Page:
First year

This week marks the first year of living with +Google Glass—not one year, but the first. As in there is more to come. 

I still remember seeing the UPS truck downstairs, setting Glass up for the first time and more. The journey since then has been so exciting, surprising and constantly refreshing—we are in uncharted territory and everything is so new.

And, genuinely, for me, Glass continues to bring magic to life. It has positively changed how I interact with technology, whether it is getting directions, searching +Google, sending a message or just taking a photo without missing the moments that matter. This weekend in New York, as with many other situations, I really felt like I got to push technology out of the way most of the time and explore, while also relive the moments exactly as they happened afterwards.

Glass invigorates me with the same energy I felt when arriving in New York for the first time: ever-changing, nonstop innovation and undying optimism and belief in core ideals.

Photo credit: +Deepa S

Of course there are a whole list of improvements Glass can undergo. Of course there are situations where Glass is not suitable and where I don't wear Glass, just like regular glasses or smartphones. But, I think most people forget that this is a highly beta project and still a Google moonshot, just like +Project Loon+Google Fiber, and the +Google Self-Driving Car Project.

Personally, I don't think Glass will ever be a failure for Google however this goes—it will either continue to evolve or be a valuable insight into wearable technology for the future. So, while the haters continue to hate, hate, hate, hate, hate, we, the players, are gonna play, play, play, play, play, as +Taylor Swift eloquently puts it.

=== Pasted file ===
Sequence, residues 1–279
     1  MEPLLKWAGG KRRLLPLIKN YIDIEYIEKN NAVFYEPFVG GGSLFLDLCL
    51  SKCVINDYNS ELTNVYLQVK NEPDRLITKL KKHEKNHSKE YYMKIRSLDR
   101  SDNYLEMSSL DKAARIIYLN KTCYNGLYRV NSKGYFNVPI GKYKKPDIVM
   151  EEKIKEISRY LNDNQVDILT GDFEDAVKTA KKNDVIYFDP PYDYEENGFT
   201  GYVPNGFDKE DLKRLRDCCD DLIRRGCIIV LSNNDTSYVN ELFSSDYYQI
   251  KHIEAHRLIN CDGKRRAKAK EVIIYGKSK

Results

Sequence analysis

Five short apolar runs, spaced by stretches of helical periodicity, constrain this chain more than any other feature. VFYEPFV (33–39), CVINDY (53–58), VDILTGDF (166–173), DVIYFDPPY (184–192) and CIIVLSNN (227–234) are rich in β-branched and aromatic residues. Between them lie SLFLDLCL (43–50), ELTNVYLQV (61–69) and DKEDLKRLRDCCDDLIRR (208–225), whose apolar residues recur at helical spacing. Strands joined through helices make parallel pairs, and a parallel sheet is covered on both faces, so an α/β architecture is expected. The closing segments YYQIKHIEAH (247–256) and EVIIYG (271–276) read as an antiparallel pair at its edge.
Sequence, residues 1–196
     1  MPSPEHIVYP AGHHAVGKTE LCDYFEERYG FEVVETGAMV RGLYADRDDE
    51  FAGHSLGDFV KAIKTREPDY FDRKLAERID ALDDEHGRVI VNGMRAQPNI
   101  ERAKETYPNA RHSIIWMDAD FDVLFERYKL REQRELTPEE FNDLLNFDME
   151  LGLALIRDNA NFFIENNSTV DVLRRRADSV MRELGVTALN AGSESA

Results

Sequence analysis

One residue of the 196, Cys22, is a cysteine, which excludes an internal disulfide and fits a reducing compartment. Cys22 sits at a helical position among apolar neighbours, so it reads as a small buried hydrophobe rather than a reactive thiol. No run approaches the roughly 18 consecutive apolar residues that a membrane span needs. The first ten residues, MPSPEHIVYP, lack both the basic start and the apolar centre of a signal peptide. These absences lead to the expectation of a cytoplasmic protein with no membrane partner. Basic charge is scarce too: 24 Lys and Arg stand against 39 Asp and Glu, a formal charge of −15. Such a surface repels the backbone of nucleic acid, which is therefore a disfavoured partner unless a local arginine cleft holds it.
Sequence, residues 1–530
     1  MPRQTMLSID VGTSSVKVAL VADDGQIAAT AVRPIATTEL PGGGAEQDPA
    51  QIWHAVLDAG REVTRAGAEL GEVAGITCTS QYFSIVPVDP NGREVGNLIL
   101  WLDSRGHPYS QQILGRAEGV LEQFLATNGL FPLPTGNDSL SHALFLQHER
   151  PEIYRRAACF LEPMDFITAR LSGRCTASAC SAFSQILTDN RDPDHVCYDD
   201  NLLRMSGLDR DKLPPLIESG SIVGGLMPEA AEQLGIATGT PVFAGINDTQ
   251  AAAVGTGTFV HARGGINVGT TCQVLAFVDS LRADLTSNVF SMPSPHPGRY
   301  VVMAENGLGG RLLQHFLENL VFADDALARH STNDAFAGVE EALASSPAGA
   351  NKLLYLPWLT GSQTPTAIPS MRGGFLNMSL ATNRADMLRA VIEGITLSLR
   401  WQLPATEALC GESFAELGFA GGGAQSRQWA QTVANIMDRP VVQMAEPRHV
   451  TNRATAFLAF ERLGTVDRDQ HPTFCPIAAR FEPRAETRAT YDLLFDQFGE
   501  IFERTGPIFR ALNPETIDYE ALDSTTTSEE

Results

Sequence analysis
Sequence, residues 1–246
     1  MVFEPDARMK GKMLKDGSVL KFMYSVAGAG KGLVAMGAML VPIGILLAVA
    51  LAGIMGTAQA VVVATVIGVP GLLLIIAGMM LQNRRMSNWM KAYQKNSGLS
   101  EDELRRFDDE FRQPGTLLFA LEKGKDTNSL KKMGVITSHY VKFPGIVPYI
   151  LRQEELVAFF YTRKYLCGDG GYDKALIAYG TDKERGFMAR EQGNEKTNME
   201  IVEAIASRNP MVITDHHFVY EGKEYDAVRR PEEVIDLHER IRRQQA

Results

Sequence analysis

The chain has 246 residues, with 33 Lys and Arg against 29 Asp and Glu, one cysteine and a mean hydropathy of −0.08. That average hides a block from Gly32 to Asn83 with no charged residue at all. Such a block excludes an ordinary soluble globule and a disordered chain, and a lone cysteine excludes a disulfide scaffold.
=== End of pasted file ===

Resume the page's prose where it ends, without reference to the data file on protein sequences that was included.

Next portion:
The media may write whatever they wish about Google like how +Google+ is going to die, or Glass or even Taylor Swift, but I'd rather spend my energy supporting risk-takers, the future, the ideals they stand for and a better life. All these risk-taking brands and people I support are far more than what the media portrays—just look at Taylor's actual album sales versus what experts projected. Plus, the broad reception I receive from the public about Glass just does not align with how the media usually characterizes it as.

Sharing the magic with various people and seeing their faces light up with joy as they learn about what is true continues to give me goosebumps.

But, most of all though, the past year has seen a whole bunch of passionate, smart people come into my life, online, in real-life or both: the community of Guides and Explorers shaping this whole project, including +Chara Kelley+steph lake+Virginia Poltrack+Jeff Bond+Spencer Kleyweg+Morgan Tuohy+Jeffrey Young+Ana Medina+Christopher Rios+Brian Kelley+Mason Rothman and +Eddie Daniels, just to name a very few.

Here's to what we accomplish together next, +Google Glass and #GlassFamily.

Bill Gates has gone crazy